October 5 – 10 , 2014, Dagstuhl Seminar 14411
Constraints, Optimization and Data
Siegfried Nijssen (KU Leuven, BE)
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Constraint programming and optimization (CPO) have recently received considerable attention from the fields of machine learning and data mining (MLDM). On the one hand, the hypotheses and patterns that one seeks to discover in MLDM can be specified in terms of constraints (e.g. labels in the case of supervised learning, preferences in the case of learning to rank, must-link and cannot-link in the case of unsupervised learning, coverage and lift in the case of data mining). On the other hand, powerful constraint programming solvers have been developed. If MLDM users express their requirements in terms of constraints they can delegate the MLDM process to such highly efficient solvers.
Conversely, CPO can benefit from integrating learning and mining functionalities in a number of ways. For example, formulating a real-world problem in terms of constraints requires significant expertise in the problem domain. Also, selecting the most appropriate constraints, in terms of constraint solving efficiency, requires considerable expertise in the CPO domain. In other words, experience plays a major role in successfully applying CPO technology.
In addition, both CPO and MLDM share a common challenge associated with tuning their respective methods, specifically determining the best parameters to chose for an algorithm depending on the task at hand. A typical performance metric in machine learning is the predictive accuracy of a hypotheses, while in CPO it might be search cost or solution quality.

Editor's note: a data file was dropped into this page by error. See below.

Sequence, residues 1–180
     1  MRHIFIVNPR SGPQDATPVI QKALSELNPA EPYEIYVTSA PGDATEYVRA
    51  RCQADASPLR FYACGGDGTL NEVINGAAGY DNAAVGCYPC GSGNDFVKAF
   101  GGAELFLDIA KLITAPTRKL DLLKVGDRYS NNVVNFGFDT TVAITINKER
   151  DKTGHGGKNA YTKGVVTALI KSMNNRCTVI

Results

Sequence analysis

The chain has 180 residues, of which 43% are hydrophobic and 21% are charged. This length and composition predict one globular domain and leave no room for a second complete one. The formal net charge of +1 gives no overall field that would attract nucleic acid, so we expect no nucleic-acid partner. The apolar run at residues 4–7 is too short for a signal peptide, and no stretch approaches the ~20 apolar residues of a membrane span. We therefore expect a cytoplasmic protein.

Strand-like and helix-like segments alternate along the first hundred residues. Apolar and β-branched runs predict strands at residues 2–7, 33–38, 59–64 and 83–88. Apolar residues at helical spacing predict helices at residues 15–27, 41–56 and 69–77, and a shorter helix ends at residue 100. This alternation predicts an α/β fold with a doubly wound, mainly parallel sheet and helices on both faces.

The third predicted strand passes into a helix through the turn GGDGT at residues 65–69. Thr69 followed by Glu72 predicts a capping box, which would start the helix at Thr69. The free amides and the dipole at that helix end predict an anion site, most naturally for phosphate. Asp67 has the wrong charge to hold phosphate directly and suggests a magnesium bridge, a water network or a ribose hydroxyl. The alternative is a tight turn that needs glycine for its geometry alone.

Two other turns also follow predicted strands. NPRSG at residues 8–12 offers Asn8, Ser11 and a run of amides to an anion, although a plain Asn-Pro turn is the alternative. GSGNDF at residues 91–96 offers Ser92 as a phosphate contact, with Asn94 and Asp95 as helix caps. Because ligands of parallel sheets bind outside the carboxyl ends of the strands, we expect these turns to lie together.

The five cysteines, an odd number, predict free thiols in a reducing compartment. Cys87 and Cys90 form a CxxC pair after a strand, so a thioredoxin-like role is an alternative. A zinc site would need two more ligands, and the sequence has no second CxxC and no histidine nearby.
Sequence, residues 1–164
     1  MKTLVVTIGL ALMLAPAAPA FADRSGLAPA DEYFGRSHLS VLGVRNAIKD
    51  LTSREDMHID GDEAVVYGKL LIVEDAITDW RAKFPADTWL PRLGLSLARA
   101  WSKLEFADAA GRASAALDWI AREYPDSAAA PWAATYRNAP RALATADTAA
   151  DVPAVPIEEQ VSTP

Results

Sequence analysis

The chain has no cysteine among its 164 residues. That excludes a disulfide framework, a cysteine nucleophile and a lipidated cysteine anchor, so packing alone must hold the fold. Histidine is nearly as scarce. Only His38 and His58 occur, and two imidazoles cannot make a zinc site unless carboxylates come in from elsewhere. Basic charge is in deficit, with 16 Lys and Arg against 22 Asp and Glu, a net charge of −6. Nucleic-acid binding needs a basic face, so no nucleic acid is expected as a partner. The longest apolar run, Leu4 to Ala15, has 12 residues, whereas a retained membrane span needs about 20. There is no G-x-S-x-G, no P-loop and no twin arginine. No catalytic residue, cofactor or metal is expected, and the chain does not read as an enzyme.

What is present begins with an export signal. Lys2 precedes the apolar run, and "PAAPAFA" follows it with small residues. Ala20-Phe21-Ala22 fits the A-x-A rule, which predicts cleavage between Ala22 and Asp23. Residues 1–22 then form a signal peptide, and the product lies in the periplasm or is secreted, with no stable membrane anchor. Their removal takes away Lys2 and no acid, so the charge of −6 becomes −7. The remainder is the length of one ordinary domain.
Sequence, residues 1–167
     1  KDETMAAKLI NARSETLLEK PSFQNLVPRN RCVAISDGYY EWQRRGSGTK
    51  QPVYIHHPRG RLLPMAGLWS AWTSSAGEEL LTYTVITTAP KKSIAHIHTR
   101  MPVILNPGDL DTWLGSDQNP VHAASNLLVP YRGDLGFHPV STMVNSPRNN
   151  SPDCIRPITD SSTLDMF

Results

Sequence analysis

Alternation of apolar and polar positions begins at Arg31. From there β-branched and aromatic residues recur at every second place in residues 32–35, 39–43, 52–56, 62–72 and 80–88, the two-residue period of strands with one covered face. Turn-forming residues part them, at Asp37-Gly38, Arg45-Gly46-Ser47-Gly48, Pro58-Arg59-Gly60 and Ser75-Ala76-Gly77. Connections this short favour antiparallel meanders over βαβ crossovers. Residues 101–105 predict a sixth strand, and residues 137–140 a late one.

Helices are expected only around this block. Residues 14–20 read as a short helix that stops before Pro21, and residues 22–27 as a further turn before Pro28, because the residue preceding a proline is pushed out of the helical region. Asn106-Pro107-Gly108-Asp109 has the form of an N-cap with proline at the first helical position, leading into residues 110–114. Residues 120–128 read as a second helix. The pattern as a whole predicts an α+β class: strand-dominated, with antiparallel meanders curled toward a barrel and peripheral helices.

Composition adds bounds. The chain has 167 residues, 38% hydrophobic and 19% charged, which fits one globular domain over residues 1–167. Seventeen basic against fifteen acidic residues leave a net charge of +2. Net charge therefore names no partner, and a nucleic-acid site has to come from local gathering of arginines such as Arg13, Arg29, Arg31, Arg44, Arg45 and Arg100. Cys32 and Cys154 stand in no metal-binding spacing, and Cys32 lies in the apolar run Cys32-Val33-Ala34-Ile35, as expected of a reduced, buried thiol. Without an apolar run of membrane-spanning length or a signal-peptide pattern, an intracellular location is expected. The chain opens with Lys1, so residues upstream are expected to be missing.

This seminar built upon the 2011 Constraint Programming meets Machine Learning and Data Mining and the 2014 Preference learning seminars. Its goal was to identify the key challenges and opportunities at the crossroads of CPO and MLDM. The interests of the participants included the following:
- Problem formulation and modelling: constraint-based modelling; preference formalisms; loss functions in ML; modelling and exploiting background knowledge; structured properties (e.g. preserving spatio-temporal structures).
- Improvement of algorithms / platforms in the areas of algorithm selection, algorithm configuration, and/or algorithm scheduling, particularly with respect to parallel execution.
- Specification and reasoning about goals and optimization criteria: modelling preferences and integrating with human expertise (exploiting the "human in the loop") to converge on high quality outcomes.
- Additional functionalities such as the use of visualization and explanation.
- Algorithmic scalability.
- Approximate reasoning, reasoning under uncertainty, and incorporating probability.
The seminar was organized into seven sessions: frameworks and languages; algorithm configuration; constraints in pattern mining; learning constraints; machine learning with constraints; applications; and demonstrations. The demonstrations presented at the seminar were by:
- Guido Tack - MiniZinc (see http://mininzinc.org);
- Joaquin Vanschoren - OpenML (see http://openml.org);
- Tias Guns - MiningZinc (see http://dtai.cs.kuleuven.be/CP4IM/miningzinc);
- Bruno Crémilleux - software for the calculation of Sky Pattern Cubes;
- Marc Denecker - IDP (see http://dtai.cs.kuleuven.be/krr/software/idp);
- Holger Hoos - algorithm selection and portfolio software;
- Luc De Raedt - ProbLog (see http://dtai.cs.kuleuven.be/problog/).
The seminar also had five working groups on:
- Declarative Languages for Machine Learning and Data Mining;
- Learning and Optimization with the Human in the Loop;
- Meta-Algorithmic Techniques;
- Big Data;
- Towards Killer Applications.
Creative Commons BY 3.0 Unported license
Luc De Raedt and Siegfried Nijssen and Barry O'Sullivan and Michele Sebag
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